Can we, as a community, make a comparison between an iPhone and a Fairphone considering durability?

Is it useful if we, as a community, would compare some iPhone models and some Fairphone models at how long they will last?
I would consider phones that have been released in the same year.
I would also assume that the person using it is a person who cares for his er her phone.

I have heard stories about iPhones lasting well over 5 years. Fairphone promises that her phones do that.
Unless Fairphone thinks it’s not a direct competitor to the iPhone, I think it’s interesting to dig into.

Personally, I have been using iPhones as my smartphones since 2013 and it feels like a big step to change to Fairphone and I’m guessing I’m not the only one.

How many years has your smartphone ever lasted?
(Sounds like a good sound bite BTW: ‘Fairphone Everlasting’

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Hello. I am an iPhone user since 2016 November when I received a 7+ for work. I am still using and stressing it, because I make a one hour video every week. I updated every iOS from 10 up to 15. 15 will be the end, because 16 is not made for the 7. But apple will continue security updates. The battery is still fine.
In march 2021 I had to buy a phone for personal use and I choose the fairphone 3+. I now use both phones in parallel. The good thing is that on fairphone I can decide which os I want. I installed /e/os and go well with it.
I am curious how will the fairphone work after 6 years … And how long my iPhone 7 will last

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You will see the difference, when at some point the phone (iPhone, FP) needs to be repaired.
The cost for an iPhone repair might well be higher than the cost for a new one (same type).

… and they won’t sell the same type anymore against that time.

Well, the question is: what’s your criteria for “they will last”…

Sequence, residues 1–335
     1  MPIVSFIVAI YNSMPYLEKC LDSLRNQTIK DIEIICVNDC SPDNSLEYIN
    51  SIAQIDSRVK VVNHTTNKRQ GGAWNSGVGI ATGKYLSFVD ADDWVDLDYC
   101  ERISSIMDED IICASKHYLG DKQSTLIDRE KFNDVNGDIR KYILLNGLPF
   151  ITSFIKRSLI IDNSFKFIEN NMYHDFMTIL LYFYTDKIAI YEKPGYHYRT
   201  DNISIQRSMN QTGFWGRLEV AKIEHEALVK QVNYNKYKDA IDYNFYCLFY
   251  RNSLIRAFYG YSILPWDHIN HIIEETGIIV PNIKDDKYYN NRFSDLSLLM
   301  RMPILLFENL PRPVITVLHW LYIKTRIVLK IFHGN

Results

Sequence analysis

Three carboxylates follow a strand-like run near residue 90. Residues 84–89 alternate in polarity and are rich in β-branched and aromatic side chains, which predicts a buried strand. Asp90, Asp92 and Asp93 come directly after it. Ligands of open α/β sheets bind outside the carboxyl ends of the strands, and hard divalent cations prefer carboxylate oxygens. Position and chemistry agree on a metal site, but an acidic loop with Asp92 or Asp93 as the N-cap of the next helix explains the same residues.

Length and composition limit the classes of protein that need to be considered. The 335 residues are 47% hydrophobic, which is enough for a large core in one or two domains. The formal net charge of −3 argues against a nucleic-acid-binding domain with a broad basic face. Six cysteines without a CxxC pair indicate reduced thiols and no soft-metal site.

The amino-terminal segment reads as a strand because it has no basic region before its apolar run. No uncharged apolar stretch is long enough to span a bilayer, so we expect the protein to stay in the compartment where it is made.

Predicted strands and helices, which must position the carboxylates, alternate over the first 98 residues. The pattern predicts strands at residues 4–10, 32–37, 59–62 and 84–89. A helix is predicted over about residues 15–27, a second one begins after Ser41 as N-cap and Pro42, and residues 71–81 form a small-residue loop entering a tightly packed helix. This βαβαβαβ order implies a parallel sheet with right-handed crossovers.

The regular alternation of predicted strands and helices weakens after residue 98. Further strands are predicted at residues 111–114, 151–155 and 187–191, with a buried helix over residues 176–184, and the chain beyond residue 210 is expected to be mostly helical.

If the criterion is “software support” then it’s nearly impossible to say.
FP1 was not supported long but this was because of the SoC used. So FP improved and used a different brand for the next models.
FP2 still gets SW updates after 6 years, but no one knows how long.
FP3 and FP4 get SW support but are still not very old.

If criterion is how long people use it then you should have a look at

and

Other criteria?

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If we want to make a fair comparison we should evaluate real-life usage of the models. It should be someone’s main phone and used day by day, if possible without interruptions.

OS support could be a criteria, but I’d like to look at usability. Does the phone in case still do the same as the user wants the device to do when the device was first put into use?
When apps become unusable, because of the OS being too old, that could be a criteria, because that would effect usability.
This would mean that Fairphone 1 didn’t succeed, but Fairphone 2 does.
Fairphone 3(+) & 4 probably will, but we cannot be sure of that.

My intermittent conclusion would indeed be that it’s too early to tell.
I’d like to compare the Fairphones to the iPhones, because the latter usually receives long software support and usually is seen as the leading brand in the smartphone sector.
Then again, there could be different brands that continue to do well in durability as well.
Is someone on this forum familiar with such a brand?

The reason I inquire about this is because they say that the most sustainable phone the phone is you already own. So in my case there isn’t a need to buy a Fairphone. To me that seems that it’s hard for the Fairphone to succeed, because of this. Of course there could be something I’m missing.
Besides that, the economy could change drastically which could improve the situation of the Fairphone.

I would never attempt to repair a phone myself, but swapping the battery is something I would gladly do with a Fairphone by my said. The point is that repair ability will only work if people would start to pay less to get their devices repaired and as far as I know most countries still imply VAT or similar taxes on repair costs.

Personally, I’m still not in the market for a new phone, because my phone still works. If most people start to think like that, where will the sales of Fairphone come from?
I’d like to know what the reasons are for people to switch to Fairphone.
I know I will lose a lot if I try to mitigate all the downsides. I guess more iPhone users will have that.
How does Fairphone (it’s annoying the phone has the same name as the company) circumvent this?

I’m getting more questions during researching Fairphone than I’m getting answers…